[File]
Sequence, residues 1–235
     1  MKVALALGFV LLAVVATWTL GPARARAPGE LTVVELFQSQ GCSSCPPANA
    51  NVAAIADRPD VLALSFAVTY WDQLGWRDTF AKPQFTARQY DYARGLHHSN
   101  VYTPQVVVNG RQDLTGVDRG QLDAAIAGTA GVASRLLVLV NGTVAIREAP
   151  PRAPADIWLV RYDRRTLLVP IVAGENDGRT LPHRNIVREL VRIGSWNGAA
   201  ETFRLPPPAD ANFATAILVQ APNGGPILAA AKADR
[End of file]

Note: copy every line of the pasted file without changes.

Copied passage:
Sequence, residues 1–235
     1  MKVALALGFV LLAVVATWTL GPARARAPGE LTVVELFQSQ GCSSCPPANA
    51  NVAAIADRPD VLALSFAVTY WDQLGWRDTF AKPQFTARQY DYARGLHHSN
   101  VYTPQVVVNG RQDLTGVDRG QLDAAIAGTA GVASRLLVLV NGTVAIREAP
   151  PRAPADIWLV RYDRRTLLVP IVAGENDGRT LPHRNIVREL VRIGSWNGAA
   201  ETFRLPPPAD ANFATAILVQ APNGGPILAA AKADR